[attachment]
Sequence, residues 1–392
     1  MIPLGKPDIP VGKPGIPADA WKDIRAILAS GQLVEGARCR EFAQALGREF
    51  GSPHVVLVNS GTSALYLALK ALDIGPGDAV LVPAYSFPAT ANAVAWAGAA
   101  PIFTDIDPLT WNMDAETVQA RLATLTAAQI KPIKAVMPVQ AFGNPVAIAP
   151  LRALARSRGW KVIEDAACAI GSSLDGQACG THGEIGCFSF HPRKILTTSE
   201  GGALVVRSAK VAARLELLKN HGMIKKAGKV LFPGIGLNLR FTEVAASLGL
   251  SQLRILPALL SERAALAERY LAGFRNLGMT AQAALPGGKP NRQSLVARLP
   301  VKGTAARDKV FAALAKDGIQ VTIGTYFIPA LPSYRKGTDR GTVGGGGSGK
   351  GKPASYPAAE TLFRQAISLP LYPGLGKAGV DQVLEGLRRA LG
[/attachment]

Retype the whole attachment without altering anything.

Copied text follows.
Sequence, residues 1–392
     1  MIPLGKPDIP VGKPGIPADA WKDIRAILAS GQLVEGARCR EFAQALGREF
    51  GSPHVVLVNS GTSALYLALK ALDIGPGDAV LVPAYSFPAT ANAVAWAGAA
   101  PIFTDIDPLT WNMDAETVQA RLATLTAAQI KPIKAVMPVQ AFGNPVAIAP
   151  LRALARSRGW KVIEDAACAI GSSLDGQACG THGEIGCFSF HPRKILTTSE
   201  GGALVVRSAK VAARLELLKN HGMIKKAGKV LFPGIGLNLR FTEVAASLGL
   251  SQLRILPALL SERAALAERY LAGFRNLGMT AQAALPGGKP NRQSLVARLP
   301  VKGTAARDKV FAALAKDGIQ VTIGTYFIPA LPSYRKGTDR GTVGGGGSGK
   351  GKPASYPAAE TLFRQAISLP LYPGLGKAGV DQVLEGLRRA LG